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  • Memory Efficient Hard Real-Time Garbage Collection by Tobias Ritzau PDF 下载

    Memory Efficient Hard Real-Time Garbage Collection by Tobias Ritzau  PDF 下载

    This thesis presents work in the area of automatic memory management
    for hard real-time and embedded systems. The motivation of the thesis is
    to be able to develop hard real-time and embedded systems using modern languages. Since these languages commonly use automatic memory
    management or garbage collection (GC), which traditionally has had an
    unpredictable runtime behavior, we could either try to eliminate the need
    for GC using manual techniques, or we could develop GC techniques for
    these systems. Since GC is such a powerful tool to eliminate memory related programming errors, we decided to develop techniques to use GC in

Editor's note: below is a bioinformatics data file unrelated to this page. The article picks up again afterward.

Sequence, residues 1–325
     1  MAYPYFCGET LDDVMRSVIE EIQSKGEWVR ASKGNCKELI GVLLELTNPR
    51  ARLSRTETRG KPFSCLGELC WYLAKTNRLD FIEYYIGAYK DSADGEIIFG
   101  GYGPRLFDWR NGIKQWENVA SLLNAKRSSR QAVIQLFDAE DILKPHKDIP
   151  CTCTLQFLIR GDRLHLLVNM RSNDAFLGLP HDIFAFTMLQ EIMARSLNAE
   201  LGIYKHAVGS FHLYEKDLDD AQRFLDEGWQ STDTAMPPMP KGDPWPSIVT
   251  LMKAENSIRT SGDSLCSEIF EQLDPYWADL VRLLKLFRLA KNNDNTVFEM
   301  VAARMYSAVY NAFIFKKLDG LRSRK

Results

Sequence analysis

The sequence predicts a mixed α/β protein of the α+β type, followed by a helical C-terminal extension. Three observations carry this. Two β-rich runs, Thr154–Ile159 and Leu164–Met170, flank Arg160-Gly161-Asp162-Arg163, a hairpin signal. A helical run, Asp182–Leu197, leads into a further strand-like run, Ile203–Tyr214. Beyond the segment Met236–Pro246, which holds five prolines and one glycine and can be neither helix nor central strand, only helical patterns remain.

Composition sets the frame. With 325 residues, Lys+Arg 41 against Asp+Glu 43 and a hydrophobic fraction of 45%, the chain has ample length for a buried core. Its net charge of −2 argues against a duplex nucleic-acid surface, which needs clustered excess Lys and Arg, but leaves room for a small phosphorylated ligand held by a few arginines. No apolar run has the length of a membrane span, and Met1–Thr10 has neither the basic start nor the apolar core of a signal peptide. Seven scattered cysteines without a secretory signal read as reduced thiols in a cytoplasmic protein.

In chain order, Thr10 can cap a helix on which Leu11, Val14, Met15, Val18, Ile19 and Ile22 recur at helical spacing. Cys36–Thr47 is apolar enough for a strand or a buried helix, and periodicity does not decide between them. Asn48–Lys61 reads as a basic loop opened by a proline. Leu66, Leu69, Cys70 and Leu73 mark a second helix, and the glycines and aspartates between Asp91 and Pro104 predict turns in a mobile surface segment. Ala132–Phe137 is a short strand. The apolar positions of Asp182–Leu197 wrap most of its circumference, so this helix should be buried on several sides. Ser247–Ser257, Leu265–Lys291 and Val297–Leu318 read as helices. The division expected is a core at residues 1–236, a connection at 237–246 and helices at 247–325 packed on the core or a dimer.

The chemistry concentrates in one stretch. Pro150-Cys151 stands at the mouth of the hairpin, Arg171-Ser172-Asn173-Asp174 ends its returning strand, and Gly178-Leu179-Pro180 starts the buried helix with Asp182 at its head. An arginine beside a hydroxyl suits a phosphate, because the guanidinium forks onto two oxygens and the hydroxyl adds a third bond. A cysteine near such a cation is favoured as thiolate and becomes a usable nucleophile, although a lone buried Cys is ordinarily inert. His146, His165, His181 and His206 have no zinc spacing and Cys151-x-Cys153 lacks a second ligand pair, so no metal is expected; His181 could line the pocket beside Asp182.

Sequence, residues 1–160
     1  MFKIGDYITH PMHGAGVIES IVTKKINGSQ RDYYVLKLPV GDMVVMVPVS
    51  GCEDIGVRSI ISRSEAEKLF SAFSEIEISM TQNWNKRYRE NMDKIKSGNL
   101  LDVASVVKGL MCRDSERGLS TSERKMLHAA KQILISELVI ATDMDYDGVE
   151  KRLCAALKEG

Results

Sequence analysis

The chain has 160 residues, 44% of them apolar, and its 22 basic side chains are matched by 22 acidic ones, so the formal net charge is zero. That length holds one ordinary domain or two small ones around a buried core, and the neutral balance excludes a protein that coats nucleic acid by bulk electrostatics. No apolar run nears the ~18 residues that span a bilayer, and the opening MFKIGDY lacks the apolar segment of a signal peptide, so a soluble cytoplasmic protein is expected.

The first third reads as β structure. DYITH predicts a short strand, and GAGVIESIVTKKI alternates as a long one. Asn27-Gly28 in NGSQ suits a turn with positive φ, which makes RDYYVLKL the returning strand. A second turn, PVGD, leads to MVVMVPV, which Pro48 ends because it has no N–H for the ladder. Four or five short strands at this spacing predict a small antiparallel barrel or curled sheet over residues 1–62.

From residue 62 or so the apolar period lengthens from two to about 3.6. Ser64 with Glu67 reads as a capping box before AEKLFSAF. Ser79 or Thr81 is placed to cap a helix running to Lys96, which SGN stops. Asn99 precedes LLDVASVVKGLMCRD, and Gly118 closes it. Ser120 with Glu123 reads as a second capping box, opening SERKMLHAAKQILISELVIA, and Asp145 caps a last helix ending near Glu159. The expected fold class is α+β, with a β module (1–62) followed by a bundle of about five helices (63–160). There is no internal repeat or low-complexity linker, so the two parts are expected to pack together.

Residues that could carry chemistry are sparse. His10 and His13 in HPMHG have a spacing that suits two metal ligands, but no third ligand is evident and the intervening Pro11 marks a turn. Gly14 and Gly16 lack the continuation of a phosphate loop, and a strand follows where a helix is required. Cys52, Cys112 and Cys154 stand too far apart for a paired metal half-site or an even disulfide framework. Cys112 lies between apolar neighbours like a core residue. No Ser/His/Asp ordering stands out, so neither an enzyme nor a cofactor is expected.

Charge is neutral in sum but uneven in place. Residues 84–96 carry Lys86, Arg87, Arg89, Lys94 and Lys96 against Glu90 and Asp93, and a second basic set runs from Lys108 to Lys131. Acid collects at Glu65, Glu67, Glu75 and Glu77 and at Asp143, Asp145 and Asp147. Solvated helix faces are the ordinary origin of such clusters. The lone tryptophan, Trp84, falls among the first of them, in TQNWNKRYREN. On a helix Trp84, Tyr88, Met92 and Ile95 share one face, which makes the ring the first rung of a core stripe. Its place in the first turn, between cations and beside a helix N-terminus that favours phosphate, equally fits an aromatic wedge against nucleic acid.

hard real-time and embedded systems. During this work three other GC
    techniques for these systems have been published. The main advantage
    of our work compared to the other three is that memory utilization effi-
    ciency increased by about 50 %. We have also developed an optimization
    for incremental garbage collectors and a static garbage collector that aims
    to eliminate the need for runtime garbage collection.
    1.1 Perspective
    Once upon a time, programming required a deep knowledge of how the
    machines were constructed and the programmers had full control of the
    execution of the system. Charles Babbage became the first programmer
    when he programmed his difference machine in 1822. It was programmed
    by exchanging the gears that performed the calculations. More than 100
    years later in about 1945 Konrad Zuse developed Plankalk¨ul [BW72], the
    first programming language. Unfortunately, most work was lost or con-
    fiscated in the aftermath of World War II and the work was not published
    until 1972. Plankalk¨ul was used to program the Z3, the first universal computer in the world [Roj98].
    Contemporary computers were more like calculators, and the calculations where input by punching holes in paper tapes (Z3 and Colossus) or